November 3, 2004
AMSTERDAM, Netherlands - Dutch police have arrested eight suspected Islamic radicals as part of the investigation into the brutal slaying of outspoken filmmaker Theo van Gogh, prosecutors said Wednesday.
The suspects were detained in the 24 hours following Van Gogh's killing while he bicycled on an Amsterdam street, prosecution spokeswoman Dop Kruimel told The Associated Press.
Six detainees are of Moroccan origin, one is Algerian and the other has dual Spanish-Moroccan nationality, she said.
The suspect in the killing - a 26-year-old suspected Muslim extremist with dual Moroccan-Dutch citizenship - was arrested Tuesday after a shootout with police. The unidentified suspect was wounded in the leg.
Kruimel said the suspects, whose identities were not released, were detained and released during an October 2003 investigation into a potential terrorist threat.
"The suspects were detained at a number of residences searched in connection with the Van Gogh investigation," Kruimel said. "They were previously known to us. As of now only one suspect is being held for Van Gogh's murder, but the investigation will determine if others may have been connected."
Van Gogh, 47, who received death threats after his recent movie sharply criticized how women are treated under Islam, was repeatedly shot and stabbed to death on an Amsterdam street Tuesday.
"Don't do it. Don't do it. Have mercy. Have mercy!" the Algemeen Dagblad newspaper quoted Van Gogh as begging his killer.
Another Dutch newspaper, the Telegraaf daily, carried a large color photograph of Van Gogh's body with a knife protruding from his chest under the headline "Butchered."
"We're not going to take this," the Dagblad said.
The paper said the killer shot Van Gogh eight or nine times, then calmly slipped his weapon in the pocket of a beige raincoat before bending over his victim and slitting his throat.
Dutch Justice Minister Piet Hein Donner said the suspect "acted out of radical Islamic fundamentalist convictions" and added that he had contacts with a group that was under surveillance by the Dutch secret service.
The suspect allegedly is friends with Samir Azzouz, an 18-year-old Muslim of Moroccan origin awaiting trial on charges of planning a terrorist attack targeting a nuclear reactor and Amsterdam's Schiphol Airport, NOS Dutch television reported.
Azzouz was among those arrested in October 2003 but released for lack of evidence. He was re-arrested in June.
On Wednesday, well-wishers brought hundreds of flowers to the spot where Van Gogh was slain. Others brought beer, cigarettes and cactus plants - a reference to Van Gogh's prickly artistic nature and his habit of giving guests on his television talk show a cactus as a gift.
"This is an attack on my country," said Masite Halici, a young Dutch woman who came with a rose. "I didn't enjoy his art at all, but we need people who stand up for what they think."
Van Gogh - an award-winning filmmaker, television producer and newspaper columnist - once mocked a prominent Dutch Jew, referred to Jesus as "the rotten fish" of Nazareth and called a radical Muslim politician "Allah's pimp."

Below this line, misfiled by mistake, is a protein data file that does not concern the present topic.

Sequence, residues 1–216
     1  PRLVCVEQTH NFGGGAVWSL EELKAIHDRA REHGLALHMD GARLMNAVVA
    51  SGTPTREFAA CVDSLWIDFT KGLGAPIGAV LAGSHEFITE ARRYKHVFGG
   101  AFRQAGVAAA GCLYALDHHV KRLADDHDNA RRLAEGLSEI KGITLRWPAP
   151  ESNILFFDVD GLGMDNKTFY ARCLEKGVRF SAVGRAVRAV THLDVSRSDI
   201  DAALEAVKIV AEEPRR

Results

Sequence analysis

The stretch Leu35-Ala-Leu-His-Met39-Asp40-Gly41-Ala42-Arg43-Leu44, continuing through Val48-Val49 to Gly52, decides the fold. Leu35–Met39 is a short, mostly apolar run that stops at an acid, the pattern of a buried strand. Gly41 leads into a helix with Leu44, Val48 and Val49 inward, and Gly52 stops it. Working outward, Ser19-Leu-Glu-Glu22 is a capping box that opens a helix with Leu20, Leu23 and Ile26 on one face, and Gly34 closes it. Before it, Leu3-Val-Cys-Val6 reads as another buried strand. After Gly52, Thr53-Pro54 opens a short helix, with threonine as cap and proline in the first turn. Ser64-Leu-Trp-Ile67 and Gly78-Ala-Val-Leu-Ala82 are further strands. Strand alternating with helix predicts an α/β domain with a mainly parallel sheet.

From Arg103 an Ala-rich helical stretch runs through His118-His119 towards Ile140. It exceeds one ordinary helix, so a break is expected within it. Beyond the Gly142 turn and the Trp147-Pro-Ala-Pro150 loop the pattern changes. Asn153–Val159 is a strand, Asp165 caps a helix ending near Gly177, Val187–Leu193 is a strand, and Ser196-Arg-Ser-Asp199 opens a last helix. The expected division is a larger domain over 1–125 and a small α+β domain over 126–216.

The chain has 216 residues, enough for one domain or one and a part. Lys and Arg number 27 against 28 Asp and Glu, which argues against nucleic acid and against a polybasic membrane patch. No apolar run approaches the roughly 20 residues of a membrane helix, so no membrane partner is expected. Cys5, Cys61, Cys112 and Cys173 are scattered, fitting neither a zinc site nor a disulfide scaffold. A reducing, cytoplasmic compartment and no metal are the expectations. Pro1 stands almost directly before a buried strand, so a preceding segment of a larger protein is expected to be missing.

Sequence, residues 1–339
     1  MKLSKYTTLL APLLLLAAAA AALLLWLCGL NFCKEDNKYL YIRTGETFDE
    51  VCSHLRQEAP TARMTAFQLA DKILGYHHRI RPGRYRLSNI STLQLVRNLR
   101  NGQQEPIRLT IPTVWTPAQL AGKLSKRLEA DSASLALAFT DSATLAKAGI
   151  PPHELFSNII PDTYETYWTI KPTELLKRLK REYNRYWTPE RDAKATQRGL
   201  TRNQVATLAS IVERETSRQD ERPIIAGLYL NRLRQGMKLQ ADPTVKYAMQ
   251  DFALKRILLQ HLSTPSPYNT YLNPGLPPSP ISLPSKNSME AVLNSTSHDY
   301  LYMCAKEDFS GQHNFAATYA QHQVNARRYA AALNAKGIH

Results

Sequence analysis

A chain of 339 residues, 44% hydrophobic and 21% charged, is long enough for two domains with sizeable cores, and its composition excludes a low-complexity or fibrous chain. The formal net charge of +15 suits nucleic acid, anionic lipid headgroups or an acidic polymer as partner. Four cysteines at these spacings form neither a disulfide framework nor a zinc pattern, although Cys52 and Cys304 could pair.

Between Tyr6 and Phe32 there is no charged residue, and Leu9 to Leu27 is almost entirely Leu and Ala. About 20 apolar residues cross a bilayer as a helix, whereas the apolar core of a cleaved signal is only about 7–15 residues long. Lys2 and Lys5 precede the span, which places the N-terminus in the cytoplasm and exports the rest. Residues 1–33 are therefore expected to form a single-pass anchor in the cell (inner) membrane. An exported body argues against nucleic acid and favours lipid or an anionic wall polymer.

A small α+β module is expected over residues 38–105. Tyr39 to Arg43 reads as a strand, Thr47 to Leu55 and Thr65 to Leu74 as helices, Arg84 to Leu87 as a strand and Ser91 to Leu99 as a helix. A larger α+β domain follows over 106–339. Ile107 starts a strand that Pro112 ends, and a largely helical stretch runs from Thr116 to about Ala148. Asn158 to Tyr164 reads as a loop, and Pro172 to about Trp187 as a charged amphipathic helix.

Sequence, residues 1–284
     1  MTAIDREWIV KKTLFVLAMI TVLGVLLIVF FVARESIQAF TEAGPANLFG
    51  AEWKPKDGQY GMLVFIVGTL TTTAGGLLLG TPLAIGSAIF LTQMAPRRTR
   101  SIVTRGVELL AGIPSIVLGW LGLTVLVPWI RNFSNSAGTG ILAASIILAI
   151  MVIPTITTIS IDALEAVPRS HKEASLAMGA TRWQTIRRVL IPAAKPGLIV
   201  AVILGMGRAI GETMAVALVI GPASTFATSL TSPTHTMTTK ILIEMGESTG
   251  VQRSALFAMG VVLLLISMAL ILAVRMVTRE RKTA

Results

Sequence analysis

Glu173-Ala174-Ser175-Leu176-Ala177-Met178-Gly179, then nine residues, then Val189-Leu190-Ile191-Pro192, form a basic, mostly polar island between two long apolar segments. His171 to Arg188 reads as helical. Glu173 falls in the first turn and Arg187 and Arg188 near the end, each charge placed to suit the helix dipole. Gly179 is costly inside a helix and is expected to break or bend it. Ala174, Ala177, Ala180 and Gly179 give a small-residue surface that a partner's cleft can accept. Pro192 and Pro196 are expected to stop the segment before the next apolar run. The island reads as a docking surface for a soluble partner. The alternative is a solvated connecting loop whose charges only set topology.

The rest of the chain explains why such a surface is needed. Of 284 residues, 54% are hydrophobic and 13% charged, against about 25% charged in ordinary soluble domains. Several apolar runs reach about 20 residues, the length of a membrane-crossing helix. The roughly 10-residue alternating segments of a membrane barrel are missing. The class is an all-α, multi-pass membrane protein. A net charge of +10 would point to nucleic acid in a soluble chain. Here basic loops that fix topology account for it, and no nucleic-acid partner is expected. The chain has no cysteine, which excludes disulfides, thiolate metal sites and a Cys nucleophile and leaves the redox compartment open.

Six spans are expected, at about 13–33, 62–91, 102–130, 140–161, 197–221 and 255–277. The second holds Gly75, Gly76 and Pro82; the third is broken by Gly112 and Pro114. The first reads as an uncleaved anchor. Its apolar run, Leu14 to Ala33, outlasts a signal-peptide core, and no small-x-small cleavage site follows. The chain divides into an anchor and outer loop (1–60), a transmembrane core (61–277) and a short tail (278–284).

The great-grandson of painter Vincent Van Gogh's brother released the fictional film "Submission" in August about a Muslim woman who was beaten and sexually abused, drawing the ire of some Muslims and generating death threats against him.
In the fictional story, a veiled Muslim woman spoke about her violent marriage, being raped by a relative and later brutally punished for adultery. In some scenes, the actress' naked body is shown through a transparent gown. One scene shows her body with Quranic verses written on it.
Some Muslims and women's groups said the movie's depiction of the abuse of women was insensitive.
In a recent radio interview, Van Gogh, a chain-smoking social critic and satirist, dismissed the threats and called the movie "the best protection I could have. It's not something I worry about."
Police kept watch on Van Gogh's house immediately after the film's airing but dropped that precaution because there was no concrete evidence of a threat.
The English-language film was written by Somali-born Ayaan Hirsi Ali, a lawmaker who has outraged Muslims by criticizing Islamic customs and the failure of Muslim families to adopt Dutch ways.
Her spokeswoman, Ingrid Pouw, said Hirsi Ali was "deeply shocked" by the slaying.
About 20,000 people poured into Amsterdam's central square to protest the attack. Many blew horns and whistles and banged pots and pans.
The government held late-night crisis meetings and the Immigration Minister met with Muslim groups to discuss how to avoid violent confrontations with the Muslim community.
Dutch Muslim groups condemned the killing and called for reconciliation, expressing fears of possible reprisals against Muslims. Several Muslim groups planned rallies in the Dutch capital to protest the attack.
Van Gogh's killing came at a time of increased tensions in the Netherlands, where many blame violent crime on the Muslim minority, mainly made up of immigrants.
The killing instantly recalled the assassination of anti-immigration politician Pim Fortuyn, who was killed in 2002 by an animal-rights activist.
In the aftermath of Fortuyn's assassination, 10 percent of the Dutch electorate voted for his anti-immigration party, and during the last two years the Netherlands has taken the toughest measures in the European Union to clamp down on immigration.